West Harlem streets around City College of New York were suddenly filled with angry workers’ chants on May 10: Black and Latino construction workers protesting the construction of City College’s new dormitory by a White-owned firm, while legitimate Harlem-based Black and Latino contractors were not hired, a pattern City College has followed for 30 years. Read how Harlem Fightback! and other coalitions have fought and are once again fighting back.
Happy Mother’s Day to Yuri Kochiyama! I’d like to also wish the women who haven’t seen their children in a long time, some since birth, a special Happy Mother’s Day. Our prayers are with you even if you feel alone at a time when in America prisons systematically separate mothers from their children, often permanently.
On the afternoon of Feb. 21, 1965, I went to the Audubon Ballroom to hear Malcolm X speak. It was the saddest day of my life. An update has been added to this story, originally published in 2009.
It wasn’t just Patrice Lumumba his assassins wanted to kill, it was the genuine self-determination, dreams and aspirations of African people, writes Horace Campbell, reflecting on the murder of the first prime minister of the Democratic Republic of Congo (DRC) on Jan. 17, 1961. Two poems by Lumumba follow the story.
Sophia Dawson is an artist I met in Harlem, New York, at this year’s Black Panther Film Fest, where she had a striking painted piece of Black Panther co-founder and Chairman Bobby Seale. I have seen a lot of dope, conscious-minded Black visual artists over the years; she is definitely one of the more talented ones.
“This system treats us like throw-away people,” says Carolyn Brown, a Seattle volunteer with prison reform group Justice Works! An African American with a record, her effort to find a job is deeply frustrating due to systemic racism.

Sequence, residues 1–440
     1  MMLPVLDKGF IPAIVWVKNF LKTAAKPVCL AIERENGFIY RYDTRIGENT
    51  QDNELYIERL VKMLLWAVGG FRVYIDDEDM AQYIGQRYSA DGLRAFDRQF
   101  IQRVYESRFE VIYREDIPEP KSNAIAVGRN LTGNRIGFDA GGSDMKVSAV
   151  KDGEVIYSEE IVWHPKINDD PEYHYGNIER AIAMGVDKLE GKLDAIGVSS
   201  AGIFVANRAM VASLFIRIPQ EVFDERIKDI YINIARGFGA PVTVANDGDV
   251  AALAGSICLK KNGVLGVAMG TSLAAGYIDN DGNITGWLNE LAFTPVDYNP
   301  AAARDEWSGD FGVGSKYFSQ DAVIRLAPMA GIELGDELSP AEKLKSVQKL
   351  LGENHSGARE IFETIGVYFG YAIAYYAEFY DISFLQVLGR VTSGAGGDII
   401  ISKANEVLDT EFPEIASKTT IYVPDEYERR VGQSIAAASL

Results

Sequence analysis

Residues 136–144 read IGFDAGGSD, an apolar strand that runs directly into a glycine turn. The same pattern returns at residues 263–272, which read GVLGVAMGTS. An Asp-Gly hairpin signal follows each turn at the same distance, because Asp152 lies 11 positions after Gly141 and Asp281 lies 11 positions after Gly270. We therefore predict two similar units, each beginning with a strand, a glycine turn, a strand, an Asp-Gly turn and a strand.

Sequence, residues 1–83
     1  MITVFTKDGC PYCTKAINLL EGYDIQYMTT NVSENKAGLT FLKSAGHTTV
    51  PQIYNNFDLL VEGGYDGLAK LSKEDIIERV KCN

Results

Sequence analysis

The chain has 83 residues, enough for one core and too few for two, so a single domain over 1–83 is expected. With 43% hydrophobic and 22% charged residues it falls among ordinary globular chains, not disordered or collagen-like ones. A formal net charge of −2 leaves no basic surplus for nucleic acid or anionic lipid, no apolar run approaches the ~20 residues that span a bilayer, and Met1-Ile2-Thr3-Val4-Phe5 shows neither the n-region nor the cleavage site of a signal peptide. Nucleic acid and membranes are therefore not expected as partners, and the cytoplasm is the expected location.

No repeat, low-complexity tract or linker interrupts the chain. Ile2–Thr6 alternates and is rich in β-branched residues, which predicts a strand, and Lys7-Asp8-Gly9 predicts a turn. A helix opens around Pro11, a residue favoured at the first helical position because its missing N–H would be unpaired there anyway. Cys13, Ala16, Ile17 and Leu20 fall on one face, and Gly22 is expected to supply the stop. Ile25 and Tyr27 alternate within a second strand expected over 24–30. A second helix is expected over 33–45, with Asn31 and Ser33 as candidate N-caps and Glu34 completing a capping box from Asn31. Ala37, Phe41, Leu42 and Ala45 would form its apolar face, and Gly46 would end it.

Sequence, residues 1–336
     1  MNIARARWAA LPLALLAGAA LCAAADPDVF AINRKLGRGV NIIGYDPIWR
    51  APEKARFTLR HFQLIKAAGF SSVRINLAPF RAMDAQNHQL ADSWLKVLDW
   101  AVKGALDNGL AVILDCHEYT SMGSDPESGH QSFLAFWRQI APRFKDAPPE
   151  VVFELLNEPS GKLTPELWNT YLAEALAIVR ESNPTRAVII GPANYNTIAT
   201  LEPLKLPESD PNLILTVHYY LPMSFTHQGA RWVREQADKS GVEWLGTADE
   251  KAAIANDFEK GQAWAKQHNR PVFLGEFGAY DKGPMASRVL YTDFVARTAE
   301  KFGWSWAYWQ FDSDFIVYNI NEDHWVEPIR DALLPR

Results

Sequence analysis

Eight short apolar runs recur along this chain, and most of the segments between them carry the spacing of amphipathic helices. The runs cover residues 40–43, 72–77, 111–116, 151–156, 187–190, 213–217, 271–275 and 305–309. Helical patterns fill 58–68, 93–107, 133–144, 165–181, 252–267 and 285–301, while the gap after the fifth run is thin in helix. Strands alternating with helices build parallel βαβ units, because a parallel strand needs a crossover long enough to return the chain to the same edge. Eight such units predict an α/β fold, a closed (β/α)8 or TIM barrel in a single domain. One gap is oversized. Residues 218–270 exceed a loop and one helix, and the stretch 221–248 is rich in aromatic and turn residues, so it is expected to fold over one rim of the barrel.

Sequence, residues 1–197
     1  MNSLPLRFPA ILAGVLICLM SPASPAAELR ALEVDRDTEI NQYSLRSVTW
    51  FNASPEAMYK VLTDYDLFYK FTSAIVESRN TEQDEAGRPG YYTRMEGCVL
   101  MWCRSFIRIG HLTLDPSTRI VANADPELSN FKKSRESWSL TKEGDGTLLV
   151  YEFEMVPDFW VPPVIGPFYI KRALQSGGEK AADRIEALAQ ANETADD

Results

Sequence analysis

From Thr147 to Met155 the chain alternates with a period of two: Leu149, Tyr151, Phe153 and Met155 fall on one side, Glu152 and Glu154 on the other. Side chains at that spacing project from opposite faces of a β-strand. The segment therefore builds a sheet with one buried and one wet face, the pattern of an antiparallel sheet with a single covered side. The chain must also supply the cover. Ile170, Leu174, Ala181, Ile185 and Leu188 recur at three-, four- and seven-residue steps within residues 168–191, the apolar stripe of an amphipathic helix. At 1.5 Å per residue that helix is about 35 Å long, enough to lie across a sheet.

Malcolm Shabazz, the grandson of El Hajj Malik El-Shabazz, otherwise known as Malcolm X, explains why he does not support the inclusion of three chapters omitted from "The Autobiography of Malcolm X."
From the first time I ever heard of Abbey Lincoln she was associated with the struggle for the freedom and dignity of Black folks. She could have found commercial success, but Abbey was committed to the liberation and elevation of her oppressed people; once you experience that freedom high, nothing can compare with it.
Lynne Stewart is one of the last of a dying breed of political lawyers who represent victims of government tyranny as her quest in life. Now she is one of America’s newest political prisoners. She represented people like Larry Davis and members of the Black Panther Party and the Black Liberation Army, among other high profile cases.
“Resistance is growing – preparations are in progress,” Dr. Suzanne Ross, a clinical psychologist and co-chairperson of the Free Mumia/NY Coalition explained to The Final Call. Ms. Ross said she attended the emergency meeting at the Abiding Truth Ministries church in Philadelphia on Oct. 17, where plans were laid out for the upcoming campaign to get Mr. Abu-Jamal freed.